A woman without a head covering was considered a wanton woman, someone who refused to be subject to her husband's (her head's) authority, who was disrespectful towards him. Similarly for a woman's head to be shaved was considered a disgrace. Paul mentions that here:

But every woman that prayeth or prophesieth with her head uncovered dishonoureth her head: for that is even all one as if she were shaven. For if the woman be not covered, let her also be shorn: but if it be a shame for a woman to be shorn or shaven, let her be covered. 1 Corinthians 11:5‭-‬6 KJV

Jewish men while praying cover their head, a symbol that they are subject to God. However since Paul is writing to gentiles, he is referencing their culture. Men don't cover their head because they aren't subject to someone else's authority, as women are to their husbands.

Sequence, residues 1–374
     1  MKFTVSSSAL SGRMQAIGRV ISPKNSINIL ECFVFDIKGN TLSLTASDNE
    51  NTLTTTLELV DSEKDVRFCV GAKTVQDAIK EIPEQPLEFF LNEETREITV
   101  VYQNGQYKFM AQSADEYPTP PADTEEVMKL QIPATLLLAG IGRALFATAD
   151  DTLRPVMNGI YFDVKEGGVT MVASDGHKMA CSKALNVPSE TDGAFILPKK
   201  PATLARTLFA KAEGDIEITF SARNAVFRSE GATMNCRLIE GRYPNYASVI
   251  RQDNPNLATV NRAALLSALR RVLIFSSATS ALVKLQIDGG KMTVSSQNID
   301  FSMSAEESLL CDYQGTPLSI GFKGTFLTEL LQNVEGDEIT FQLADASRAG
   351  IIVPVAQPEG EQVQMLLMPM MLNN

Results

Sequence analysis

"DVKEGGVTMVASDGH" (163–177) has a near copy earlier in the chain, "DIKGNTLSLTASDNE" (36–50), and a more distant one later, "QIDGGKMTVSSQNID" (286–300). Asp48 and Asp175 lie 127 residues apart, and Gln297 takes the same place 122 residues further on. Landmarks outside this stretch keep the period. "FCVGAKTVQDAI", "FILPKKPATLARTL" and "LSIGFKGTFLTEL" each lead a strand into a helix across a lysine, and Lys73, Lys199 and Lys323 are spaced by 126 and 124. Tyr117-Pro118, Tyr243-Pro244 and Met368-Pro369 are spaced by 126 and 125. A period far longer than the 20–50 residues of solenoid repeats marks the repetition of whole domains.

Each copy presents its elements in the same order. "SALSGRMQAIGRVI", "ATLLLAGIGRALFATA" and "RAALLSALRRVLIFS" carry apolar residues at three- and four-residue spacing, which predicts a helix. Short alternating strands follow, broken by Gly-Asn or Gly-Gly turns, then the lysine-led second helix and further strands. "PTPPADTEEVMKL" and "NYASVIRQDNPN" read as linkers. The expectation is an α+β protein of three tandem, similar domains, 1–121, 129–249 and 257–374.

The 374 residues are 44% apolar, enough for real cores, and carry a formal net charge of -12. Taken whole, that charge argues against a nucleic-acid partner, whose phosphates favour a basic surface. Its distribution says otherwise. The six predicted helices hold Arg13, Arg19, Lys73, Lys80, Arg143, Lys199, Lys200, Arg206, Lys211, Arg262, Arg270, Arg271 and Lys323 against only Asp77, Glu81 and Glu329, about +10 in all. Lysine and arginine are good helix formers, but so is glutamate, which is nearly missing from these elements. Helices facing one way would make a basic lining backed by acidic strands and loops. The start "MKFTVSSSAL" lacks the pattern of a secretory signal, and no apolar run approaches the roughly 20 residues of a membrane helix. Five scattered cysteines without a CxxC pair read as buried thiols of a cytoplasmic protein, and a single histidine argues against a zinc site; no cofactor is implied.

The line of authority goes thus- Jesus begotten of the Father, Man created by Jesus, woman taken out from the man.

But in case anyone misunderstands,he explains that in Christ both men and women are equal. Just like Jesus and the Father are equal but have different roles.

Nevertheless neither is the man without the woman, neither the woman without the man, in the Lord. 1 Corinthians 11:11 KJV

He summarizes by saying : But if any man seem to be contentious, we have no such custom, neither the churches of God. 1 Corinthians 11:16 KJV

The example of head coverings is just a physical example to explain to them, there is no such custom or ordinance in the churches.

So no, neither men nor women have to cover their head in church.

  • "A woman without a head covering was considered a wanton woman, someone who refused to be subject to her husband's authority." do you have a source for this? At this site, "showing your work" is expected. This would require citing a source on the culture during first century, second Temple Judaism as a reference for this statement. – Dan May 28 '17 at 3:49